“Power is the best alibi.”
Director: Nicholas Jarecki
Cast: Richard Gere, Susan Sarandon, Brit Marling
Synopsis: A troubled hedge fund magnate desperate to complete the sale of his trading empire makes an error that forces him to turn to an unlikely person for help.
At the start of first-time feature director Nicholas Jarecki’s Arbitrage, Robert Miller (Richard Gere) is a man who appears to have it all. A prosperous Hedge Fund tycoon, he has a beautiful home and is surrounded by a loving family and a wife who adores him. He is cultured and charming, and apparently grateful for the privileged lifestyle he leads. But as his story unfolds we come to learn that nothing in Robert Miller’s life is as it seems.
He’s in the midst of closing the sale of his business to a rival financier, but the buyer is stalling the deal’s conclusion and avoiding Robert. Explaining to his daughter (Brit Marling) that at 60 years old his priorities have changed and he now wants to take things easy, Robert hides the fact that he is actually forced to sell his company following the collapse of a seemingly watertight copper mine investment which has pretty much decimated his fortune. To facilitate the sale of his company, Robert has had to borrow $412 million from a financier friend to ‘plug the gap’ created by the money spent on the copper mine deal, and now that the buyer is stalling, Robert’s friend is pushing him for the return of his money.
Robert is also not quite the grateful and devoted family man he initially appeared to be. Early in the film, we see him leave the dinner party held at home in his honour to spend time with his foxy French mistress, Julie (Laetitia Castra), an artist whose latest exhibition Robert — through his company — has bankrolled. Julie is also growing increasingly impatient, and is starting to believe that he will never leave his family. To be honest, given her fiery and juvenile behaviour it probably wouldn’t be a bad thing if they went their separate ways, but Robert smooth talks her into getting away somewhere, just the two of them. They take Julie’s car, and while Julie sleeps, Robert dozes. The car spins the way they always do when the director wants an action shot for the trailer, and while Robert gets off with a cut to his head and some internal bleeding, Julie dies in the accident. Fortunately for Robert, the car wreck explodes shortly after he has stumbled away from it, meaning there is nothing at the scene to link him to the accident.
Although shaken up, Robert’s smart enough not to use his mobile phone, but instead phones Jimmy Grant (Nate Parker), the son of a former worker to whom Robert was once generous, from a petrol station and asks him to pick him up without telling anyone where he’s going. Back home, the injured Robert slides into bed next to his wife and begins the long process of worrying over whether he can keep his name out of the investigation long enough to avoid any hint of scandal queering the sale of his business. Sure enough, the very next day a suspicious cop (Tim Roth) is nosing around Robert’s swanky office asking difficult questions and subtly communicating his disbelief of the answers Robert gives him. However, it’s young Jimmy, a former offender, who comes under police scrutiny when the police trace the call from the accident scene to his number and then establish a connection between him and Robert.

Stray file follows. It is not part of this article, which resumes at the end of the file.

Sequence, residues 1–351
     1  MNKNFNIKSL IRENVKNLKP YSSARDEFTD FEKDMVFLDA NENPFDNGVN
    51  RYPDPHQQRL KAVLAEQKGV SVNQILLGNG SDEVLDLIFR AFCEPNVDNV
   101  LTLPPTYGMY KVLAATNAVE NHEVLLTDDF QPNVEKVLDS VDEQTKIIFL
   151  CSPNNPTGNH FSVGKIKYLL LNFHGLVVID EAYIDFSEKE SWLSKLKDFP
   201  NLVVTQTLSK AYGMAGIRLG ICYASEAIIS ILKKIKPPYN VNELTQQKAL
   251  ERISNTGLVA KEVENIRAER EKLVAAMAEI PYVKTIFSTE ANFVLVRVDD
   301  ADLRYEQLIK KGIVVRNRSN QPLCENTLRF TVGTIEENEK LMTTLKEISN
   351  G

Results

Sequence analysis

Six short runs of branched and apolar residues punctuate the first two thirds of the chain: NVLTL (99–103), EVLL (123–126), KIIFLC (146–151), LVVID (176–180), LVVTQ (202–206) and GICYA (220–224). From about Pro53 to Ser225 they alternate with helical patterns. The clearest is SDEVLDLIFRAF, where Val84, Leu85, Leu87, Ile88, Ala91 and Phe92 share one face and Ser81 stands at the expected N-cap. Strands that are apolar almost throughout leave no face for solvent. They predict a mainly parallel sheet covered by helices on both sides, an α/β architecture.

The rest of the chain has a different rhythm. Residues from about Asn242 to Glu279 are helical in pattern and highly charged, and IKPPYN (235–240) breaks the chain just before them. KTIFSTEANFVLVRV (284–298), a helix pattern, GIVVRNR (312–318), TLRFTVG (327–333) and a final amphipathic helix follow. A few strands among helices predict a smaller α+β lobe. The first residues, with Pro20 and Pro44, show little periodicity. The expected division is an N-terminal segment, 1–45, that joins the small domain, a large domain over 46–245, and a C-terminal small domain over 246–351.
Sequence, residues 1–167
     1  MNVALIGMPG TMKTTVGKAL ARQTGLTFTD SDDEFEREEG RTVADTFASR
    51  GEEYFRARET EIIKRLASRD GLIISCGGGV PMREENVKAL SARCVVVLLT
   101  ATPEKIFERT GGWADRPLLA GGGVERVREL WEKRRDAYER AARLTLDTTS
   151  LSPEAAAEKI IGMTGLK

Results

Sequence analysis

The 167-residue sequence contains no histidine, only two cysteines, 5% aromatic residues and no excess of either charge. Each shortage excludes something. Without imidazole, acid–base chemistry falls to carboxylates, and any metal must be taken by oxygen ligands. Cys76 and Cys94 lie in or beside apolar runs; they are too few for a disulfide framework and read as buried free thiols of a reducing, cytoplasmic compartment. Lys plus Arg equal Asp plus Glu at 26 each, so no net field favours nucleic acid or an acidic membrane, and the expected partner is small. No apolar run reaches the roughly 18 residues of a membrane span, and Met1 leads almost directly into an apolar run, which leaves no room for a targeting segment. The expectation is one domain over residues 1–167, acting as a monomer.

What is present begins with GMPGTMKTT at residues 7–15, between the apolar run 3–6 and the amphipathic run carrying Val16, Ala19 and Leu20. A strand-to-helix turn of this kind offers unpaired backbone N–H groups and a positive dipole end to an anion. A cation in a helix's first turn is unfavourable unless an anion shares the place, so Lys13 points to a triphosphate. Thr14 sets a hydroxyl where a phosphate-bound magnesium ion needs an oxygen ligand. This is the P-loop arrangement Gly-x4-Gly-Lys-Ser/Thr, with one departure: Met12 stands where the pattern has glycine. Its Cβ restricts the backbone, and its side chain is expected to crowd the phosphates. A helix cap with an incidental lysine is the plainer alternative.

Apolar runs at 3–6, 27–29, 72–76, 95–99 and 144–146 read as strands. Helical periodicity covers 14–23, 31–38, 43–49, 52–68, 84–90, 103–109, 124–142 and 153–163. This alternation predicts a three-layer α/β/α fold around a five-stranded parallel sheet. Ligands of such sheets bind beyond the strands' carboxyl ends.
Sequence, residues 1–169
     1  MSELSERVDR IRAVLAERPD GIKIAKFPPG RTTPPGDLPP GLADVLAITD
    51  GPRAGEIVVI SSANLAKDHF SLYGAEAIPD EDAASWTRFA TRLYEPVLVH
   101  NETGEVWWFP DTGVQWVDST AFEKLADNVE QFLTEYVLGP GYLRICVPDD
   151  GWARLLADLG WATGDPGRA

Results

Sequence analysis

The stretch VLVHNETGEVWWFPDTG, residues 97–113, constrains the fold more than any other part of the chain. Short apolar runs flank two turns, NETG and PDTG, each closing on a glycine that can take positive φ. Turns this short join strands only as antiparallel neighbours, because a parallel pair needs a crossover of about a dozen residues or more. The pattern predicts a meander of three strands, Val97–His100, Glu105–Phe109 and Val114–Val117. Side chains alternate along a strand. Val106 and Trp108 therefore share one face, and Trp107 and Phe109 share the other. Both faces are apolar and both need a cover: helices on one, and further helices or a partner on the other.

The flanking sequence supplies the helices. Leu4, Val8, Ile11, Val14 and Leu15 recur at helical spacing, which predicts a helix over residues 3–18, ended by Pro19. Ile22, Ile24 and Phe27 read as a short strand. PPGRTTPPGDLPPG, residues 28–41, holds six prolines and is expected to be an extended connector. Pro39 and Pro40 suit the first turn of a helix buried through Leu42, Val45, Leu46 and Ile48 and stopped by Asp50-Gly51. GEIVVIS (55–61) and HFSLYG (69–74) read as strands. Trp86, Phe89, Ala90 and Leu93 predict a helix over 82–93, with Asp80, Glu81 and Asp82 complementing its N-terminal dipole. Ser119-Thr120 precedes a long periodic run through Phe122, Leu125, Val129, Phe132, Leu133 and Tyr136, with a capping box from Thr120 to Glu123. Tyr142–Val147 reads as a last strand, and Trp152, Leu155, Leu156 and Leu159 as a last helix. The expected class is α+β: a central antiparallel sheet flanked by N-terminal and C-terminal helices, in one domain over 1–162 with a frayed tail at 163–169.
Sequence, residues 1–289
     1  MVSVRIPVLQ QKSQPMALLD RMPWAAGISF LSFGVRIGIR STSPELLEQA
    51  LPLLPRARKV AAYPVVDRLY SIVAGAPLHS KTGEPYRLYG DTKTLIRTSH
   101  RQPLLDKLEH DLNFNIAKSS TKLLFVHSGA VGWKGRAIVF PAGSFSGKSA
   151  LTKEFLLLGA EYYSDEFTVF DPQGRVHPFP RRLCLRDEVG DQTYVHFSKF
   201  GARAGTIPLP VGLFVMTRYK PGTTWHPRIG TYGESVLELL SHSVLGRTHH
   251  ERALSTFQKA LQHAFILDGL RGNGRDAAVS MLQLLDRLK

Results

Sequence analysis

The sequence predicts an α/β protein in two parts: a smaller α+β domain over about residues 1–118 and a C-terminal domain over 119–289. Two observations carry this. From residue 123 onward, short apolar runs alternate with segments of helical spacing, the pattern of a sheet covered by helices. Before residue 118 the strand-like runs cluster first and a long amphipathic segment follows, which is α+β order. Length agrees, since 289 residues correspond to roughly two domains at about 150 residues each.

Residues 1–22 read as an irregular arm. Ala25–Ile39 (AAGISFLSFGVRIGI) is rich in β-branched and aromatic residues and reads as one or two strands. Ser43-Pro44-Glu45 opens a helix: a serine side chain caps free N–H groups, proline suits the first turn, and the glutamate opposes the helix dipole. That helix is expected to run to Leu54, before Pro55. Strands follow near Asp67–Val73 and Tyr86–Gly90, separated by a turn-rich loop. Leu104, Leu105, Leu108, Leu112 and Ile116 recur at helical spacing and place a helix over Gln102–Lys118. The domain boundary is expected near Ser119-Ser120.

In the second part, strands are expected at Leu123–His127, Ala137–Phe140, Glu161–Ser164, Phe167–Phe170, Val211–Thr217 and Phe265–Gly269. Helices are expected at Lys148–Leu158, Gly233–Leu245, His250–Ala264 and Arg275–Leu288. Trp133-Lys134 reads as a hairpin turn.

Arbitrage is one of those superbly constructed thrillers that increases the tension with each twist of its plot without once straining our credulity at the way unconnected events conspire to keep Robert from achieving his aim. It’s also one of those rare movies that has us rooting for the bad guy and hissing the ‘hero’ cop. Ok, so Roth’s Detective Bryer isn’t above a little falsifying of evidence when he’s sure he’s got the right man, but his suspicions are always right on the nose and yet we never want him to succeed in the way we want the equally devious Robert to succeed. We’re all the same, Jarecki seems to be telling us, criminal and cop, distorting the truth in our quest for self-fulfillment. But Jarecki has an ace up his sleeve, a truly stunning final scene which encapsulates the entire theme of the movie — the way that nothing is the way it appears. As he stands up to make a speech at a charity dinner, Robert has lost everything that’s truly important, but he —and most everyone else in the room — is totally oblivious to the fact.
Richard Gere, in one of his best roles for years, gives a performance of quiet intensity, offering only brief glimpses of the mounting sense of frustration and desperation beneath the facade of suave self-assurance. ‘Do you think money’s going to fix this?’ Grant incredulously enquires after the depth of the trouble his good deed has earned him becomes painfully apparent. ‘What else is there?’ Robert replies with genuine bewilderment. That one four-word sentence sums him up completely and explains why, at the film’s end, he hasn’t won, even though he might believe he has (the film’s open ending leaves the audience with a terrific debating point). It’s a shame Jarecki couldn’t have found a way to provide Robert’s wife Ellen (Susan Sarandon) with a little more screen time in order to flesh out her character and make the final twist just a touch more convincing, particularly as an actress of Sarandon’s stature feels wasted in the part, but after from that minor gripe, Arbitrage is a movie that provides solid, consistent and thought-provoking entertainment.